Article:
Antibiotic-Resistant Bacteria Has Emerged as a Foodborne Hazard, Says CSPI


January 25, 2011

WASHINGTON—Foodborne illnesses due to antibiotic-resistant bacteria have been occurring since the 1970s, according to a recent study by the Center for Science in the Public Interest, which signals that antibiotics used on the farm may be causing more serious pathogens in the nation’s food supply. CSPI’s analysis shows a steady increase of such outbreaks in every decade since the 1970s, though that may be due to increased testing and reporting, the group said. In its study of 35 documented outbreaks, raw milk, raw milk cheeses and ground beef appeared to carry the resistant pathogens most frequently.

“Outbreaks from antibiotic resistant strains of Salmonella, though rare, can not be ignored by our food safety regulators. The problem has clearly emerged with respect to some high risk foods,” said CSPI food safety director Caroline Smith DeWaal. “Both humans and animals rely on antibiotics to stay healthy. But overuse in some sectors may squander their effectiveness and leave consumer vulnerable to hard-to-treat foodborne infections.”

Multi-drug resistance was found in 10 out of 14 outbreaks of antibiotic-resistant foodborne illness reported between 2000 and 2009, according to the study. CSPI says the problem of antibiotic-resistant bacteria needs much greater scrutiny by federal government if antibiotics are to remain effective in treating human and veterinary illnesses. Cataloging outbreaks of foodborne illness and then testing the pathogens for antibiotic resistance is a critical step if policymakers are to document the link between antibiotic use on farms animals and human illness from antibiotic-resistant bacteria, the group says.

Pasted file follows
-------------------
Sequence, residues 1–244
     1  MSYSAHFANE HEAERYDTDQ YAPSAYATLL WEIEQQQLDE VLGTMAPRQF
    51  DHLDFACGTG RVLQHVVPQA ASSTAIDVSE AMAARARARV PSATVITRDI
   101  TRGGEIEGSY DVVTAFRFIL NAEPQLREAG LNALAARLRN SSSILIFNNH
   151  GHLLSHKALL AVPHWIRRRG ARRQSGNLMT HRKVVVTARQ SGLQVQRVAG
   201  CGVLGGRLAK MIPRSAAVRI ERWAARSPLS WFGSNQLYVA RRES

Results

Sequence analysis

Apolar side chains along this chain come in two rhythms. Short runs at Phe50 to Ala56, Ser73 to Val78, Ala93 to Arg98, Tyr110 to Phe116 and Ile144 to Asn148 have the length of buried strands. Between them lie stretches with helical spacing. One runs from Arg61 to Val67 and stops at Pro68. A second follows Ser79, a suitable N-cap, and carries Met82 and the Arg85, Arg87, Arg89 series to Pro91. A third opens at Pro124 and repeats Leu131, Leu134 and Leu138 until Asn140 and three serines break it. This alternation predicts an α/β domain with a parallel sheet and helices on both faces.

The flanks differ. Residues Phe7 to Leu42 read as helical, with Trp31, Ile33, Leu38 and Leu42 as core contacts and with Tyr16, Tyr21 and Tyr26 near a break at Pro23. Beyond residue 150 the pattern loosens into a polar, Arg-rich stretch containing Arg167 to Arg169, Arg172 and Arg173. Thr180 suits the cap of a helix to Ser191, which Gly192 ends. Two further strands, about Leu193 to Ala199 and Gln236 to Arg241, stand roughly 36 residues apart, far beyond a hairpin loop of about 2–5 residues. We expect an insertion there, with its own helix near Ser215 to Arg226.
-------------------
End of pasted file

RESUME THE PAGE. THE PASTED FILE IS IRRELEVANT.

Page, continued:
Antibiotic resistance is an inevitable consequence of antibiotic use, according to the CSPI report. The more antibiotics are used, the more bacteria will develop resistance. Patients who develop an infection from antibiotic-resistant bacteria are more likely to have longer and more expensive hospitalizations and increased mortality. And, the antibiotics that finally do provide successful treatment to resistant bacteria can be more toxic to humans, with more serious side effects than common antibiotics.

CSPI presented its findings at a one-day conference it cosponsored with the Pew Charitable Trusts, Managing the Risk of Foodborne Hazards: STECs and Antibiotic-Resistant Pathogens. Besides DeWaal, other presenters at the conference included the USDA Undersecretary for Food Safety Elisabeth Hagen, FDA Deputy Commissioner for Foods Michael Taylor, Patricia Griffin from the CDC, and Danilo Lo Fo Wong from the World Health Organization.

 

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